It should be noted that the method of computing a decade is distinguished from the proper computation of centuries and millennia, which run from 1 to 0. The 1st century began with the year 1 and ended with the year 100, but "the Nineties" are the years whose name includes the word ninety, from '90 to '99, all the years of a century with a 9 as their tens place digit.

Synonyms

edit

Coordinate terms

edit

Derived terms

edit
edit

Translations

edit

See also

edit

Further reading

edit

Anagrams

edit

Dutch

edit

Etymology

edit

Borrowed from French décade (period of ten days), cognate with German Dekade etc. In the sense “period of ten days” influenced by English decade; this meaning is seldom found outside poor translations from English.

Pronunciation

edit

Noun

edit

decade f (plural decades or decaden, diminutive decadetje n)

  1. (history) a décade, 'week' of ten days in the French republican calendar; hence any ten consecutive days
  2. a set of ten book volumes, as part of a larger opus
  3. (uncommon) a decade, period of ten years

Synonyms

edit

Descendants

edit
  • Indonesian: dekade

Italian

edit

Etymology 1

edit

From deca- +‎ -ade.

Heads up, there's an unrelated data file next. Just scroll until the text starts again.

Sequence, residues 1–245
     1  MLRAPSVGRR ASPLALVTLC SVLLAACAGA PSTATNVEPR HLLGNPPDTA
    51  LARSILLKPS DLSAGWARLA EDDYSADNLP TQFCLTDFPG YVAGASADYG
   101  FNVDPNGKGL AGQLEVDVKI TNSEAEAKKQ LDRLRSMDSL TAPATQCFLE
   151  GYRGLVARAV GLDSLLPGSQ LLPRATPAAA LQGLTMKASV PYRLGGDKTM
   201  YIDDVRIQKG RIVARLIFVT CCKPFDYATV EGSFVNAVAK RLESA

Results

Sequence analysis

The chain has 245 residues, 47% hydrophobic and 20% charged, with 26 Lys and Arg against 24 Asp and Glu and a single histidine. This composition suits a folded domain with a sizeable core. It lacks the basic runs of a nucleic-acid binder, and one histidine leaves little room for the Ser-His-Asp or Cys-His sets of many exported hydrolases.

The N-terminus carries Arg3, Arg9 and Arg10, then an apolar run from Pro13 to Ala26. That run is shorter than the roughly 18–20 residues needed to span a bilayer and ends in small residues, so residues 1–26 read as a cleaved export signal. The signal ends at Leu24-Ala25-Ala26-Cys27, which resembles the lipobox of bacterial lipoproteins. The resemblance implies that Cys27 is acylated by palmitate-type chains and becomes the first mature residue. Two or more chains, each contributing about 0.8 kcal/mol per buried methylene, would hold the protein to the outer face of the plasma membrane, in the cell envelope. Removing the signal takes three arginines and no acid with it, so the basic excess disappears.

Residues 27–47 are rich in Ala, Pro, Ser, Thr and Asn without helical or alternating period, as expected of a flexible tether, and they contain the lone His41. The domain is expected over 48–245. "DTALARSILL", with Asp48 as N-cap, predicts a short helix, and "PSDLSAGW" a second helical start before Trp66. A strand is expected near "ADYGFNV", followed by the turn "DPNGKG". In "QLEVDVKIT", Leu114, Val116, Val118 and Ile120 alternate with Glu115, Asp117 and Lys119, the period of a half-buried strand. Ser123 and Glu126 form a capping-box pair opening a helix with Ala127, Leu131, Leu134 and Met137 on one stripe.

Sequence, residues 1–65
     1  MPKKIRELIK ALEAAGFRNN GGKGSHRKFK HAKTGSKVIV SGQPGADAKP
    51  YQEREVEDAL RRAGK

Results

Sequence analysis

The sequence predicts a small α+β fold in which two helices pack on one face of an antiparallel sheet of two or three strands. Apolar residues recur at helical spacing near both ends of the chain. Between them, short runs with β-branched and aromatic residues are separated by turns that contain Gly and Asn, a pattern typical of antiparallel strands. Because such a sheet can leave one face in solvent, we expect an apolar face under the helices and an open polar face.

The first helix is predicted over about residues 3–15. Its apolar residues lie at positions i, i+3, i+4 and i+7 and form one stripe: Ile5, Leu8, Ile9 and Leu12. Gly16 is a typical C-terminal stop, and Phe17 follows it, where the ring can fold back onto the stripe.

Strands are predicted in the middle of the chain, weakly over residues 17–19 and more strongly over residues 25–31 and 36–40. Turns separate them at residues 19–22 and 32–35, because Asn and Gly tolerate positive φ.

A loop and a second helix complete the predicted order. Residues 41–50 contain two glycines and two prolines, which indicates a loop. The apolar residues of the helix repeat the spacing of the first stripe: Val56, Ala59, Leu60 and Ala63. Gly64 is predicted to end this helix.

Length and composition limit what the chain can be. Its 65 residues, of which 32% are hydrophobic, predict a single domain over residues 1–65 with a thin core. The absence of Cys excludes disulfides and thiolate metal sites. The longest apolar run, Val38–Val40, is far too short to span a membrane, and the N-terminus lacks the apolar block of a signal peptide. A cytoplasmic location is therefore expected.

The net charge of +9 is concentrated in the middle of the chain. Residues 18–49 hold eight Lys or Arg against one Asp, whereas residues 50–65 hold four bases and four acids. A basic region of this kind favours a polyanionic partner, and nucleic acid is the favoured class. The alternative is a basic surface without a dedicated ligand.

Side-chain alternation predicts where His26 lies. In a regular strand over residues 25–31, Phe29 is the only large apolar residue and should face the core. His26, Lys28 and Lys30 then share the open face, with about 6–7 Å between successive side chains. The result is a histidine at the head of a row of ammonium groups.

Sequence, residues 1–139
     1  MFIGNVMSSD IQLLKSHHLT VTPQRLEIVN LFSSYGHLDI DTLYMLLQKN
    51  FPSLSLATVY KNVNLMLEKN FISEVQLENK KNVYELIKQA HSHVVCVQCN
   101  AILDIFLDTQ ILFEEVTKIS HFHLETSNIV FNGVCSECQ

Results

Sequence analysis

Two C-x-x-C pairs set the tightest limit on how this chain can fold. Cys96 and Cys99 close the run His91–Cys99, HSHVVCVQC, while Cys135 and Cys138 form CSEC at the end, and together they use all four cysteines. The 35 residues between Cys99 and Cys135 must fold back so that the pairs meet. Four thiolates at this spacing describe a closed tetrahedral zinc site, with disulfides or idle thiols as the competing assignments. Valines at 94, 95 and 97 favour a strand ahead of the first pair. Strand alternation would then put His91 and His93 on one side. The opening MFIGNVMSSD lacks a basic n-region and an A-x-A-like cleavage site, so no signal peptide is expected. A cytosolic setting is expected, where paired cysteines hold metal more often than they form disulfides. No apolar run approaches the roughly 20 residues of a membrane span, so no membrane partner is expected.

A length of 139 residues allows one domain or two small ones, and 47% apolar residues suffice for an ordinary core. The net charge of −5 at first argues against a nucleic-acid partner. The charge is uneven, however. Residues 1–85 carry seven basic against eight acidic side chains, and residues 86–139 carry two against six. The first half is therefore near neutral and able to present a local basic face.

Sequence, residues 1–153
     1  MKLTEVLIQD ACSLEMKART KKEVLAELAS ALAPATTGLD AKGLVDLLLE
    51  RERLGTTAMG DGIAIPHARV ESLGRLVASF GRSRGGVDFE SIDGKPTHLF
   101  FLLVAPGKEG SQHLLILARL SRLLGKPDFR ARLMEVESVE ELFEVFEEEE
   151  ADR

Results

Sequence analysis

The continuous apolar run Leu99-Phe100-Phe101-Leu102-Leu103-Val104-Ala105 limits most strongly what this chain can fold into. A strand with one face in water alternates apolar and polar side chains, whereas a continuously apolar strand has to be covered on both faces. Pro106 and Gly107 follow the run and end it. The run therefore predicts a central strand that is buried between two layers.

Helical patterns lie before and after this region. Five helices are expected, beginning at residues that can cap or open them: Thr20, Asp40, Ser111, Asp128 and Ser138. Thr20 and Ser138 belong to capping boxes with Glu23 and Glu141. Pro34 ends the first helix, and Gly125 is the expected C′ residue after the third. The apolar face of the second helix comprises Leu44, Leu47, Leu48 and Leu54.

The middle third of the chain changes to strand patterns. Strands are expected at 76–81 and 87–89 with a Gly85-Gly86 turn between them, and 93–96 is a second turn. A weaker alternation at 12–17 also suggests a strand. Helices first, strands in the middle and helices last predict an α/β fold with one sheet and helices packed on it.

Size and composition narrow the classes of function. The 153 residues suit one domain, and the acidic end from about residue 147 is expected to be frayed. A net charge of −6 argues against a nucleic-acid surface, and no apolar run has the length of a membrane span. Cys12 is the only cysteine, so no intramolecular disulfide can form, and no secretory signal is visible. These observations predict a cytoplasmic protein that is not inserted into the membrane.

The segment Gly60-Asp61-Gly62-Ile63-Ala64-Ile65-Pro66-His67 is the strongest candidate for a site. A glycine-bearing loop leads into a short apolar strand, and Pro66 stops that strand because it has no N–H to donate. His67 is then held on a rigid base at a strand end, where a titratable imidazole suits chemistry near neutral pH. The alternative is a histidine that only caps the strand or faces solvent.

Pronunciation

edit
  • IPA(key): /ˈdɛ.ka.de/
  • Rhymes: -ɛkade
  • Hyphenation: dè‧ca‧de

Noun

edit

decade f (plural decadi)

  1. a decade, a period of ten days
edit

Etymology 2

edit

Pronunciation

edit
  • IPA(key): /deˈka.de/
  • Rhymes: -ade
  • Hyphenation: de‧cà‧de

Verb

edit

decade

  1. third-person singular present indicative of decadere

Anagrams

edit

Latin

edit

Noun

edit

decāde

  1. ablative singular of decās

References

edit

Middle French

edit

Noun

edit

decade f (plural decades)

  1. a series of 10 books

References

edit
  • Godefroy, Frédéric, Dictionnaire de l’ancienne langue française et de tous ses dialectes du IXe au XVe siècle (1881) (decade, supplement)

Romanian

edit

Pronunciation

edit

Verb

edit

decade

  1. third-person singular present indicative of decădea